I mean, what's the purpose of this?
You know, maybe I could have actually carried this out without a bag.
Or simply put it in my backpack.
It would be great if companies started saying, “We're not serving the plastic bag unless you ask for it.”
Don't offer it — just wait if somebody needs that.
And that's really the key.
See, a lot of useless trash is created because companies just kind of hand it to us, assuming that we want it.
But a lot of times we don't.
This is something that Seamless and Grubhub, the food delivery apps, are trying to take on.
When you place an order on their website, they give you the option to skip the utensils and napkins, which you probably don't need if they're actually coming to your home or to your office.
In 2013 alone, Seamless reported that they saved more than a million sets of plastic utensils and napkins — all with a simple check box.
Just having the option to say no makes it way easier for customers to reduce their trash.
And saving those forks and napkins helps restaurants as well, since ultimately they're the ones who are paying for them
So if step one is reduce, or stop giving people stuff they don't need, then step two is reuse.
Let's make it easier for people to switch to reusable stuff.
UC Merced have made the switch to reusable takeout containers in their dining hall.
Reusable is always the way to go, if you think about it, if you're reusing this container and you're getting more uses out of it, although the cost upfront is larger, in the long run you're saving a lot of money.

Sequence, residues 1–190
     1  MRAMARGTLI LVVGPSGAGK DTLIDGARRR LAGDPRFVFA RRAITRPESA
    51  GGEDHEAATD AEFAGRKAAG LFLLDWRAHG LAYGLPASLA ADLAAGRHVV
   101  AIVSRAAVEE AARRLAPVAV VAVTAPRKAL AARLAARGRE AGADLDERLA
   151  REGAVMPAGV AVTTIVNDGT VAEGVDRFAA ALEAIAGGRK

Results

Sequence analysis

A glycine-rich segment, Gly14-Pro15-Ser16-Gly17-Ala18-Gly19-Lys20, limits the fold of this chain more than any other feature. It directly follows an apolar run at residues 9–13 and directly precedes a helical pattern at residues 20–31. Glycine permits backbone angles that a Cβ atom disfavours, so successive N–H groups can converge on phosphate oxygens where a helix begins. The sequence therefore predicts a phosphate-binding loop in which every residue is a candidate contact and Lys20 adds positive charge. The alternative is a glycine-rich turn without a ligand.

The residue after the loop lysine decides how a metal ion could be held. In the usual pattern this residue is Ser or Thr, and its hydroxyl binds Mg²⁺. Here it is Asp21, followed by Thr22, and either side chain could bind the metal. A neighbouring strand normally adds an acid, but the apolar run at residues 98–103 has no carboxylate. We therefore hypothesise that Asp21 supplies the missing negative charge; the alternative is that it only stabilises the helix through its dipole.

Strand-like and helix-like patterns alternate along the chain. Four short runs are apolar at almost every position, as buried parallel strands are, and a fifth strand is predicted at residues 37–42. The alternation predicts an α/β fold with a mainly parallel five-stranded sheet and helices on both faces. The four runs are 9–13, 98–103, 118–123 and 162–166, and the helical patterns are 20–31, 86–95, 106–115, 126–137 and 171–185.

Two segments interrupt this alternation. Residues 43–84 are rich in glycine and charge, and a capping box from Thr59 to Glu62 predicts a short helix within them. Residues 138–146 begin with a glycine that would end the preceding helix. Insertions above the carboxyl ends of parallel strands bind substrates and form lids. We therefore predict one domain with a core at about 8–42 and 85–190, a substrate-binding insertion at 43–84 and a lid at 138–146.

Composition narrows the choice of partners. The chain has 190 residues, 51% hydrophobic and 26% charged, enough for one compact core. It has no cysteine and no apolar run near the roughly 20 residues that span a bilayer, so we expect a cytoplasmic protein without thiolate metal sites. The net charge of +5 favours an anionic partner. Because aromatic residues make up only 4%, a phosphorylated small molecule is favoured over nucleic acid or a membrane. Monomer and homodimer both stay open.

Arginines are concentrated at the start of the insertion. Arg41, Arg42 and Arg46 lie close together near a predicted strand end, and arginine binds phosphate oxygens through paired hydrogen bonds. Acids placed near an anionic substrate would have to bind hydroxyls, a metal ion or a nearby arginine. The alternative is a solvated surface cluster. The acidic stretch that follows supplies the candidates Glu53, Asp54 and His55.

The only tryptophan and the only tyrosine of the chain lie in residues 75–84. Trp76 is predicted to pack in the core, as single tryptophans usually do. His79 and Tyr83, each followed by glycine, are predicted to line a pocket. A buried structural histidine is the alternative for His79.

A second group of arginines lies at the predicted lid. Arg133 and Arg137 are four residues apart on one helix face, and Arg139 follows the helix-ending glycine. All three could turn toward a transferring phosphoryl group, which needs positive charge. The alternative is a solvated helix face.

although the cost upfront is larger, in the long run you're saving a lot of money.
Julie Sagusay is the Food Services Manager and each year, about a third of the meals served at the dining hall are to-go meals.
That adds up to about 350,000 single-use containers that they avoid using every year.
When you want a meal to-go, you check out the container with your student card, like you would a library book —
and then when you're done, you return it to one of these eight machines around campus.
A lot of universities and even a few hospitals have introduced reusable container systems like this.
There's even a company in Portland called GO Box that works with local restaurants to offer a reusable option for takeout food.
And it isn't just food containers .
Reusable water bottles are one of the easiest ways to cut down on to-go trash.
Around the world, people buy a million plastic bottles each minute and most of them will end up in a landfill or the ocean.
It's so much smarter to just have one bottle.